Notebook, 1993-


[From: Hauser, Arnold. The Social History of Art. Vol. One. New York: Random House, Vintage Books. 1951.]

The Heroic and
Homeric Ages

The Homeric epics are the oldest poems in Greek that survive, but certainly not the oldest there were. It is not merely that their structure is too complicated and that we can point to contradictions in their contents; the legend of Homer himself contains many features incompatible with the portrait of the poet which we should construct from the sophisticated, sceptical and even frivolous spirit of the poems. The traditional picture of the blind old singer of Chios is largely made up of memories that go back to the time when a poet was a vates--a priestly and God-inspired seer. His blindness is merely the outward sign of the inward light that fills his being and enables him to see things other cannot see. This bodily infirmity expresses--as does the lameness of the divine smith Hephaestus--a second idea that was current in primitive times: that a maker of poems, ornaments and other products of handicraft can only come from the ranks of those who are unfit for a war and foray. But, apart from this feature, the legendary "Homer" is an almost perfect example of the mythical poet who was still half-divine, a wonder-worker and a prophet. We find the clearest embodiment of this idea in Orpheus, the primeval singer who had his harp from Apollo and instruction in the art of song from the Muse herself; with his music he could move not merely men and beasts but even rocks and could reclaim Eurydice from the bonds of death. "Homer" no longer boasts such magical power, but still retains the features of an inspired seer and remains conscious of a [p. 56] mysterious and sacred intimacy with the muse whom he so confidently invokes.

We can be sure that the poetry of the earliest Greeks, like that of all other peoples at a primitive stage, consisted of magic formulae, oracular sayings, prayers and charme, songs of war and work. All these types have something in common; they may be termed the ritual poetry of the masses. It never occurrred to the makers of charms and oracular verses, the composers of dirges and war-chants, to create anything individual; their poetry was essentially anonymous and intended for the whole community; it expressed ideas and feelings that were common to all. In the visual arts we find on the level corresponding to this impersonal ritual poetry the fetishes, stones and tree-trunks, which the Greeks revered in their temples from the earliest times and which can barely be called sculptures, so slight are the vestiges of human shape. These, too, like the oldest charms and hymns, are primitive community art, the rude and clumsy artistic expression of a society that knows scarcely any differentiation of classes. We know nothing about the social position of their makers, the part they played in the life of the group or the repute they enjoyed with their contemporaries; but the probabilityis that they were less highly esteemed than the artist-magicians of the Palaeolithic or the priestly singers of the Neolithic age. It may be remarked that the sculptors also had their mythical ancestors. Daedalus, we are told, could bring wood to life and make stones walk; that he made wings for himself and his son to fly over the sea appears to the narrator of the legend no more miraculous than his power of carving figures and designing labyrinths. He is by no means the only artist-magician, but it may be that he was the last important one, since the conception of Icarus' wings and his falling in the sea seems to symbolize the end of the age of magic.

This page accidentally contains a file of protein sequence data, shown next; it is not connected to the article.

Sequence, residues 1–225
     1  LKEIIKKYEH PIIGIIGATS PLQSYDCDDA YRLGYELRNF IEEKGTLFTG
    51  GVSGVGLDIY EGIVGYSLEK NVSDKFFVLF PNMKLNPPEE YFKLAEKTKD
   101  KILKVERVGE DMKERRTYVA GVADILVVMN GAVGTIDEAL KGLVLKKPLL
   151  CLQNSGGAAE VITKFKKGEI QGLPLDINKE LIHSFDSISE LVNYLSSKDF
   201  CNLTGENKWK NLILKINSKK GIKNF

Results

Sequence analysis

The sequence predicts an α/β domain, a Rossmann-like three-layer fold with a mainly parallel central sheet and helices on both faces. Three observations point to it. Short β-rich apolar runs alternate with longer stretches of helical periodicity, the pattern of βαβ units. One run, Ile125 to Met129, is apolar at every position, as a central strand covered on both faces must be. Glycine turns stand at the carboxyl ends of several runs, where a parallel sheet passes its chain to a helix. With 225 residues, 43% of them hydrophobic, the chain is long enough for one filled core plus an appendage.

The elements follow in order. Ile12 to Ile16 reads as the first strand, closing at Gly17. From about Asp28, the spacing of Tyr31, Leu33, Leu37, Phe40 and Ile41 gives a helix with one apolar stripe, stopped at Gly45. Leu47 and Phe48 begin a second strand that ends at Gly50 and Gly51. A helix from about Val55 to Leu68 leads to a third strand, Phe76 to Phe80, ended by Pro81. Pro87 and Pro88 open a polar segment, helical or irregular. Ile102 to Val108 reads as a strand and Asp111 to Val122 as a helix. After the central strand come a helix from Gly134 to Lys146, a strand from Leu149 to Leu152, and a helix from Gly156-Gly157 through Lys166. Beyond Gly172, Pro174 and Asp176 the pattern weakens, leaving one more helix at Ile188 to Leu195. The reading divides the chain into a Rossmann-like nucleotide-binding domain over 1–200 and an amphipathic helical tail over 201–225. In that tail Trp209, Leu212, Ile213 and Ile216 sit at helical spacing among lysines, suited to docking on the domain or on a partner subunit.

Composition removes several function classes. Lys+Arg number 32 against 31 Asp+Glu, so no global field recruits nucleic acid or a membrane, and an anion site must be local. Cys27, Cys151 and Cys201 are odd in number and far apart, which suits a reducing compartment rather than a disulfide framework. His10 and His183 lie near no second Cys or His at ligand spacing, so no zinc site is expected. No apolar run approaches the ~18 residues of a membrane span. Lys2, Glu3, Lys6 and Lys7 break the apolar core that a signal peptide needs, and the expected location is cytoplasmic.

With the beginning of the heroic age, the social function of poety and the social position of the poet changed completely. The secular and individualistic outlook of the warlike upper class gives poetry a new content and assigns new tasks to the poet. He now abandons his anonymity and his priestly aloofness, and poetry loses it ritual and collective character. The kings and nobles of the [p. 57] Achaean principalities of the 12th c. B.C., the "heroes" who gave its name to this age, are robbers and pirates--they are proud to call themselves "plunderers of cities" - and their songs are worldly and profane, the tale of Troy, the crown of this fame, is nothing more than the poetical glorificaton of freebooting and piracy. Their lawless and irreverent spirit is the outcome of the continuous state of war in which they found themselves, of the train of victories which they achieved and the abrupt changes of cultural level which they experienced. Victors over a more civilized folk than themselves and exploiters of a far more advanced culture than their own, they became emanicipated from the ties of their ancestral religion while despising the religious precepts and prohibitions of the conquered people just because they are conquered. [1] Thus the life of these restless warriors becomes one of unruly individulaism which sets itself above all tradition and all law. Everything from them is a prize to be fought for, an object for personal adventures, since in their world everything depends on personal strength, courage, skill, and cunning.

From a sociological point of view, the age is characterized by the decisive turn which is now taken away from the primeval clan organization and towards the social system of a feudal monarchy relying on the personal loyalty of vassals to their lord. This system, so far from depending upon, actually ran counter to kinship relations and in principle overrides the duties of the kin to one another. The social ethics of feudalism reject the solidarity of blood and race; the moral ties become individual and rational.